Young Lawyer Focus: Using Financial Ratios

By Jeffrey L. Baliban

Create models that predict financial failure.


Mediation as an Effective Alternative in Bankruptcy Litigation, Part II

By Leif M. Clark

How to use the method effectively in bankruptcy contexts.


An Interview with the Honorable Gregory R. Schaaf

By Jay Geller

The committee is pleased to present an interview with a bankruptcy judge for the Eastern District of Kentucky.

 

Railroads in Bankruptcy: What Happens after a Financial Derailment

By Thomas Rice

New short line railroads face costs that could lead to future bankruptcy cases.


Young Lawyer Focus: Financial Statement Analysis in Determining Solvency

By Jeffrey L. Baliban

Using information from your statements to note potential risks.


Mediation as an Effective Alternative in Bankruptcy Litigation, Part I

By Leif M. Clark

Mediation? I don't need no stinkin' mediation!


Hearsay and Federal Rule of Evidence 801

By Hon. Pam Pepper

The definition of hearsay is fairly straightforward, but there are so many exceptions that they start to subsume the definition.


Seventh Circuit Rules that Transfer of Equity Did Not Violate Absolute Priority Rule

By Michael A. Fagone and Craig T. Nale

The court's opinion should be carefully considered by any parties involved in a contested confirmation involving cramdown of unsecured claims.

 

A Survey of Cases Interpreting Stern v. Marshall, Part VI

By Omar J. Alaniz

The sixth in a series analyzing trends in interpreting the Stern decision.

Part I; Part II; Part III; Part IV; Part V

 

The Latest Supreme Court Decision on Bankruptcy: Bullock v. BankChampaign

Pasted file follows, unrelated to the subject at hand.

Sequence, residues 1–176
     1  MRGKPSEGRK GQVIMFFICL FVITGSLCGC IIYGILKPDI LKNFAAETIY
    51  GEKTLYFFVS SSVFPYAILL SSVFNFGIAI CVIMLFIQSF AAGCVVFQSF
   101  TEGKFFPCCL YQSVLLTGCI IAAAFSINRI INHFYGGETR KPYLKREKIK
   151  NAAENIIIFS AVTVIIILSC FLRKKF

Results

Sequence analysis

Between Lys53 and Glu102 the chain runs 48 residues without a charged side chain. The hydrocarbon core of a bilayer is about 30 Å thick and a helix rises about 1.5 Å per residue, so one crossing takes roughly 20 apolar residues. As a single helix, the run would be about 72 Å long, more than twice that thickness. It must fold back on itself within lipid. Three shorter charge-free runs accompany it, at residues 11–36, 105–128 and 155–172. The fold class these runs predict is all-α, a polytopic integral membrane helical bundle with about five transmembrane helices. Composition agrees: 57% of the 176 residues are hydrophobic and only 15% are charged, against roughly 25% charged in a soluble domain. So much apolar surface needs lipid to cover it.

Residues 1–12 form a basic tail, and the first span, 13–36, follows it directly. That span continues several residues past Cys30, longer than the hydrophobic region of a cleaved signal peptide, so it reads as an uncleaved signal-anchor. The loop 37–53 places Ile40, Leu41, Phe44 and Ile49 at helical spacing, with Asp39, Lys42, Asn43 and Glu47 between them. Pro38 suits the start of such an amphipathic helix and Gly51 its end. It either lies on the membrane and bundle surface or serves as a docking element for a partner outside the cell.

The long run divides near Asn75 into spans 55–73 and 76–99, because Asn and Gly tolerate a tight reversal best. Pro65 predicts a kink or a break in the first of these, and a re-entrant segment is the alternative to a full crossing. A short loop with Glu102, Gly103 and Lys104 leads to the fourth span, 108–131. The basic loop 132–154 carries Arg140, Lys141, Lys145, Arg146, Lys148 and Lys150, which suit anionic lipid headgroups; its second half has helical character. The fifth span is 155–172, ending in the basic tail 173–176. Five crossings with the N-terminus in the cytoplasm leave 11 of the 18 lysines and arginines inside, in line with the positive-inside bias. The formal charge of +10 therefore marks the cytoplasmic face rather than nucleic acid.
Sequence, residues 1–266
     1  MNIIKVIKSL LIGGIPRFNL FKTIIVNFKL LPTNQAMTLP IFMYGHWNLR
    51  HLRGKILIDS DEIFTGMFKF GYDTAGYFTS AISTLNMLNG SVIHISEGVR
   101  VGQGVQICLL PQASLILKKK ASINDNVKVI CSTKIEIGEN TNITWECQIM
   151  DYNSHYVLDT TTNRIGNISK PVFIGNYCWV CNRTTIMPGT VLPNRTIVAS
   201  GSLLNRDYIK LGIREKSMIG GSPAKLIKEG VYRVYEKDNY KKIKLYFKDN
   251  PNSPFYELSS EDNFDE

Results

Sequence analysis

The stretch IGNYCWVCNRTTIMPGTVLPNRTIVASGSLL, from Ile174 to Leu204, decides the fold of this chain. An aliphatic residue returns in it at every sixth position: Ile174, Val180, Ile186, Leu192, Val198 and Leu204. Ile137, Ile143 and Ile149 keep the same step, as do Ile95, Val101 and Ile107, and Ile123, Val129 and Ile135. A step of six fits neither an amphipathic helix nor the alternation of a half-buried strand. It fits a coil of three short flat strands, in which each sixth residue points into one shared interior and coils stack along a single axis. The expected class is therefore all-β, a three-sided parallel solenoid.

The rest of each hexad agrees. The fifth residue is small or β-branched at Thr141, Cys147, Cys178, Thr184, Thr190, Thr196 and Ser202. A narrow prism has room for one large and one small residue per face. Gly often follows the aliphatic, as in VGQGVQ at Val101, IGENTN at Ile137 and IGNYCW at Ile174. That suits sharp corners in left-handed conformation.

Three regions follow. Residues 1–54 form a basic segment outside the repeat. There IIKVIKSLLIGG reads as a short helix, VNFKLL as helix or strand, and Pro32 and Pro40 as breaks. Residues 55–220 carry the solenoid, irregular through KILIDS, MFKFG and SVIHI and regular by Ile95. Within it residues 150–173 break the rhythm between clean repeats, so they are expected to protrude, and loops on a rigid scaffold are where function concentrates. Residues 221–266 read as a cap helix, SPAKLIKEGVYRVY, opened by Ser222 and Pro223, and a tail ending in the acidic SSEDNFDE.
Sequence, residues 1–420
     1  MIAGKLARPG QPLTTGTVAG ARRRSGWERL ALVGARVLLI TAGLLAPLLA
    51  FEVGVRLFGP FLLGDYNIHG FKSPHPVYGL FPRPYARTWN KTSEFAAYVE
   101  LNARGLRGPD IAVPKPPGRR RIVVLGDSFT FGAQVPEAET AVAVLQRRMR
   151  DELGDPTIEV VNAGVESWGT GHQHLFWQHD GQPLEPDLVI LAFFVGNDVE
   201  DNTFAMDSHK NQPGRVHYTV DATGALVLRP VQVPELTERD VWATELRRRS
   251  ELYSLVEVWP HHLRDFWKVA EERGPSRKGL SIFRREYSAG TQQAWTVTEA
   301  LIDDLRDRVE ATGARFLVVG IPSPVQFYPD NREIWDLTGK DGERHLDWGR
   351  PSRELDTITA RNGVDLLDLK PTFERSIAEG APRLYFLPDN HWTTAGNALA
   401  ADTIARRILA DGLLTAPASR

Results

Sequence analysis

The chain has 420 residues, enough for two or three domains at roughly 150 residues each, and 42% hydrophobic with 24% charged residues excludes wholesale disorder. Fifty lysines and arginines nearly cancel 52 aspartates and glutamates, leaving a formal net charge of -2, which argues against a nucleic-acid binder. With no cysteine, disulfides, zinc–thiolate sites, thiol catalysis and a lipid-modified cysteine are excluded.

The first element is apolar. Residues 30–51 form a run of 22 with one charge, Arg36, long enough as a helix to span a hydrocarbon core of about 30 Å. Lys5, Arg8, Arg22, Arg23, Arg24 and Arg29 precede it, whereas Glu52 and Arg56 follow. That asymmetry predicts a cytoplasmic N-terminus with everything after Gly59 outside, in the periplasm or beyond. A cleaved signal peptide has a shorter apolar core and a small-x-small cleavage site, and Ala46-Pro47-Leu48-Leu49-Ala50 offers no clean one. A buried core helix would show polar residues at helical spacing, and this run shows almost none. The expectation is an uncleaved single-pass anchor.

By Aaron M. Kaufman

The High Court finally defined the term "defalcation."

 

How a Damages Expert Can Stumble over the Balance Sheet

By Alexander "Sasha" Aganin

Keep track of both sides of the balance sheet when calculating damages.

 

Young Lawyer Focus: Cap Rates Can Be Calculated—And Challenged

By Jeffrey L. Baliban

Understanding cap rates is crucial in supporting or challenging valuation opinions.


A Survey of Cases Interpreting the Stern Decision, Part V

By Omar J. Alaniz

This fifth part in the series is a synthesis and discussion of the cases that have meaningfully discussed Stern from October 16, 2012, through January 15, 2013.

Part I; Part II; Part III; Part IV


Issues Surrounding the Use of Lay Witnesses

By Hon. Pam Pepper

A judge gives her expert views on nonexpert witnesses.


An Interview with Judge Donald R. Cassling

By Robert Fishman and Jay Geller

A judge gives her expert views on nonexpert witnesses.


Appeals Court Addresses Retention of Postconfirmation Standing

By Thomas Rice

A judge gives her expert views on nonexpert witnesses.


A Survey of Cases Interpreting the Stern Decision, Part IV

By Omar J. Alaniz

This fourth part in the series is a synthesis and discussion of the cases that have meaningfully discussed Stern from July 16, 2012, through October 15, 2012.

Part I; Part II; Part III


Cram-Down Interest Rates: What Till Tells Us (or Not)

By Jeffrey L. Baliban

A used pickup truck may provide guidance for a multi-billion-dollar commercial mortgage portfolio.


Particular Evidence Problems with Appraisals, Part III: Expert Witnesses

By Hon. Pam Pepper

While bankruptcy litigants need to call experts to testify about scientific issues, more frequently they call nonscientific experts.

Part I; Part II


Collateral Attacks on Sale Orders, Due Diligence, and the Barton Doctrine

By James E. Bailey III and Paul S. Murphy

What happens when a trustee sells an asset that the estate did not own?


A Survey of Cases Interpreting the Stern Decision, Part III

By Omar J. Alaniz